The city of London dates back almost 2 millennia and has amassed rich layers of history in its buildings and architecture. From revolutionary train stations to newly developed skyscrapers, the city’s personality truly marks the landscape. Those who are staying in central accommodation like the Park Grand Hotels London will already be used to the incredible architecture of our West London townhouse hotels, but the history of the city’s buildings runs far deeper than just our humble hotels.
Below are some iconic landmarks and lesser-known buildings that will no doubt capture the imagination and help you learn something new about the artistry, relevance and unique makeup of London. From North to South, West to East, there’s a lot to learn from just looking up.
Whilst London’s skyscrapers exude modernity, the reality is that they also give a good indication of the city’s long history too. Whether it’s your first-time visiting London’s business districts, or you’re a regular UK capital commuter and resident in the corporate suites of the Park Grand Hyde Park, make sure that you’ve explored these dazzling, often revolutionary buildings, at least from the outside.
The Shard was opened in 2012 and is the tallest building in the whole of the UK. Its sharp glass structure is known for its distinctive design and was created by famous Italian architect Renzo Piano. At over a thousand feet tall and with a stunning observation deck, this building is one of the most distinctive in the London cityscape. Whilst it acts as the headquarters for London branches of companies such as Al Jazeera media network, it also devotes many floors to leisure. With four restaurants and its own observation deck, the Shard is well worth a visit for newcomers to the city who want to be wined and dined alongside stunning views as an appetiser.
Known to most as the Gherkin, the real name of this quirky skyscraper is number 30 St Mary Axe. This skyscraper in the heart of Central London’s financial district is 591 feet tall and was designed as the UK headquarters of Swiss Re reinsurance company. Its unique design comes with a range of innovations that mean the Gherkin only uses half of the power a similar-sized building would. With six natural ventilation shafts running vertically down the sides of the building, the office tenants, who also include Kirkland and Ellis Law Firm and Standard Life investments company, are insulated by the innovative design.
The Walkie Talkie building
Another unique addition to the London skyline, the Walkie Talkie building, also known as number 20 Fenchurch Street, was opened in 2015 and acts as the headquarters for a range of companies on Leadenhall Market. The most popular public aspect of this curved skyscraper is the Skygarden on its top floors, which comprise of three floors worth of urban conservatories, cafes and bars.
! Canada Square
Known generally as 1 Canary Wharf, 1 Canada Square was the tallest building in London before it was overtaken by the aforementioned Shard. With its distinctive prism top, Canary Wharf is home to financial companies such as Barclays Bank and Credit Suisse. Based in the Isle of Dogs area, this is the bastion of the secondary London financial district and comes with its own public observation floor.
The BT Tower in the Tottenham Court Road area of the West End is a communications tower that was built in 1964. Whilst it was built in secret due to its importance as a national communication hub during the Cold War, the tower itself is very distinctive and is easily distinguishable in the London skyline. Whilst it is closed to the public on most days of the year, guests at the nearby book hotel pay on arrival accommodation and other visitors can gain access to the observation deck on selected days of the year, where they can learn a little more about its history of this incredible piece of modern architecture.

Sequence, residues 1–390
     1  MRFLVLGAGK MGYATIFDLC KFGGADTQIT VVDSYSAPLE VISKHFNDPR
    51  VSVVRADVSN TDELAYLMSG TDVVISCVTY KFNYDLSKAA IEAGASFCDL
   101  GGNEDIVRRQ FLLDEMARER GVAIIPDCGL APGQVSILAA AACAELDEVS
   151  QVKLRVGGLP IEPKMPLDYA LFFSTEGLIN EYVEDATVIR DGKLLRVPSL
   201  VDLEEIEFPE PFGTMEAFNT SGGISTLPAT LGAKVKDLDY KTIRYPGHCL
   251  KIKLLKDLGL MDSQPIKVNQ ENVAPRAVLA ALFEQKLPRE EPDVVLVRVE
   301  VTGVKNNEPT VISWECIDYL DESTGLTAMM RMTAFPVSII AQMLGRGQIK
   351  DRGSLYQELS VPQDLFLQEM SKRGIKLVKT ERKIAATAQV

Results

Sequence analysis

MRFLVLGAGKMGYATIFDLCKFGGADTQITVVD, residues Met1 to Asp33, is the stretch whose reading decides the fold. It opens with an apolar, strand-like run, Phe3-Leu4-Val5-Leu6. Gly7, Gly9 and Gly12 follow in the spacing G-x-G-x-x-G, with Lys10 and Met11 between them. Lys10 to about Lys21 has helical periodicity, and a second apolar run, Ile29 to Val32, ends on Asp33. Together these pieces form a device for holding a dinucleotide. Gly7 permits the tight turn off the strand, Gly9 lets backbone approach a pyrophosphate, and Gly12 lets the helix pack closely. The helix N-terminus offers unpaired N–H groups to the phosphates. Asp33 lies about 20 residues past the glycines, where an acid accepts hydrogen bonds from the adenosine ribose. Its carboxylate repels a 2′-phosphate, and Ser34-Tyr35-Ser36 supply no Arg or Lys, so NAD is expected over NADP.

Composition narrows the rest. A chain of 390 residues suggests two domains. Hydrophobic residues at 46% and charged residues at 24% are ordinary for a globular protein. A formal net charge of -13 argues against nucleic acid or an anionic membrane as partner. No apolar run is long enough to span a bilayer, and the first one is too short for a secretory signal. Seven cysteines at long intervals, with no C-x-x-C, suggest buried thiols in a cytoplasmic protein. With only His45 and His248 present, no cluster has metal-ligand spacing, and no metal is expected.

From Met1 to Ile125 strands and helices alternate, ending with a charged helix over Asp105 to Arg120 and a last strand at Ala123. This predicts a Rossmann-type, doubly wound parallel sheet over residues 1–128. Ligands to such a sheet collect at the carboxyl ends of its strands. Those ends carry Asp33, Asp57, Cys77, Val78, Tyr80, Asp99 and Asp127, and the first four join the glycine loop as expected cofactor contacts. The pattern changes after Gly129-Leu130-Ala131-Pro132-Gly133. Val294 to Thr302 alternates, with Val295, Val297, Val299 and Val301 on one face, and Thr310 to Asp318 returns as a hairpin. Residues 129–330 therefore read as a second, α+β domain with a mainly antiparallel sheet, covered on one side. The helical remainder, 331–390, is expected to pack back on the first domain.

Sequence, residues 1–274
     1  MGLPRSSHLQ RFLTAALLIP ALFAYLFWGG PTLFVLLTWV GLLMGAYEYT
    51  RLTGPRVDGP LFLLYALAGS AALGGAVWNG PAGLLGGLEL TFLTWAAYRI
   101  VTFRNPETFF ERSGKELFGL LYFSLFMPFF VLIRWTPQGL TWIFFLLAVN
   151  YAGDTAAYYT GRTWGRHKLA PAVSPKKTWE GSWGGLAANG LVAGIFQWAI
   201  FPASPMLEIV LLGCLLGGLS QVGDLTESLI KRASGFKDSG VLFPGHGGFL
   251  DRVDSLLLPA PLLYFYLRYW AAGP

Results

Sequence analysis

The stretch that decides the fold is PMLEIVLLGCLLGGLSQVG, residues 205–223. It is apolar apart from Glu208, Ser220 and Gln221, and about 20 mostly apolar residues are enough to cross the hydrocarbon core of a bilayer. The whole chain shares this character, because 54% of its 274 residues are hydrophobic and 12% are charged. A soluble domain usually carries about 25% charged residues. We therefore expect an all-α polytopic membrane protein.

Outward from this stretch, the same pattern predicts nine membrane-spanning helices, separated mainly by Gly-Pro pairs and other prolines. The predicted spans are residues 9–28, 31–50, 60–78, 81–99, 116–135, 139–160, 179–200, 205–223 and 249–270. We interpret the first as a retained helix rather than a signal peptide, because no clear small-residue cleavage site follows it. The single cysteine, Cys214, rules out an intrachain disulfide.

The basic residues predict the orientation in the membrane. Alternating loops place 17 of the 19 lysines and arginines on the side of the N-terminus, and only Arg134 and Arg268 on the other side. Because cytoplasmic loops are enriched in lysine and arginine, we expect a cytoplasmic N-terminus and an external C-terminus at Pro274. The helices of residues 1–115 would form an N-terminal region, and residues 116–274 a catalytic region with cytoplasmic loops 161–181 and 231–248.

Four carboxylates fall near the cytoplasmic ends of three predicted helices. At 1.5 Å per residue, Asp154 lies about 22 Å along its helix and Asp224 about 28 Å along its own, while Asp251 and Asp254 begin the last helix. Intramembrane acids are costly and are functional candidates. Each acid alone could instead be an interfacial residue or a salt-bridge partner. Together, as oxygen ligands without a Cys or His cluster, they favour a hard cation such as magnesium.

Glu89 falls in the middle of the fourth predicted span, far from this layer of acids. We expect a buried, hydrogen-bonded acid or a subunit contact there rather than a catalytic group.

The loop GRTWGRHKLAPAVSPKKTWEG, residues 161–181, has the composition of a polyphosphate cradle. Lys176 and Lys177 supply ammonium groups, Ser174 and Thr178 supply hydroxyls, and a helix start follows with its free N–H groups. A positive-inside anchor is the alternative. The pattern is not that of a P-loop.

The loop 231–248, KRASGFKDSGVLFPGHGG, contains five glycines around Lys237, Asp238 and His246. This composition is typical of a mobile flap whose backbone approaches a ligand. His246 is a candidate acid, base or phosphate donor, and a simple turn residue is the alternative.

Whilst the future and present London can be summed up through its modern architecture, the historic buildings in the city set the first precedent for the UK capital’s stateliness. Below are just a handful of the buildings that add character and depth to the city through their past and present.
Completed in 1859, Big Ben or Elizabeth Clocktower as it is now known is one of the most impressive sights on the River Thames. With its 96 metre spire, this clocktower overlooks Westminster and the Houses of Parliament and when it’s not being repaired (as it currently is), chimes its characteristic ring every hour. Built by famous Victorian architect Augustus Pugin, Big Ben is best seen during a walk or river cruise along the Thames.
St Paul’s Cathedral
Dating back thousands of years, St Paul’s Cathedral has been rebuilt four times but last was probably the most famous. Designed by Christopher Wren, the Anglican cathedral stands at the tallest point in London and towers over the city at a massive 366 feet high. The second-largest cathedral in the world, St Paul’s is famed for its impressive dome and stunning interior.
This Church of England abbey is located in Westminster and dates back to the year 960. The abbey was built on the site of a previous monastery and was designed to be the crypt and resting place of influential Brits and monarchs. With many famous figures buried here, the stunning gothic facade of the cathedral spans 225 feet and is open every day of the week.
Royal Albert Hall
Built after and in memory of the death of Queen Victoria’s husband in 1871, the Royal Albert Hall is a music hall that is easily reachable from the Hyde Park-based Park Grand hotel afternoon tea rooms nearby. Hosting classical music concerts and popular gigs throughout the year, many famous stars have performed in the 5000-capacity hall. Noted for its breathtaking domed structure, the interior of the hall is just as magical as its facade.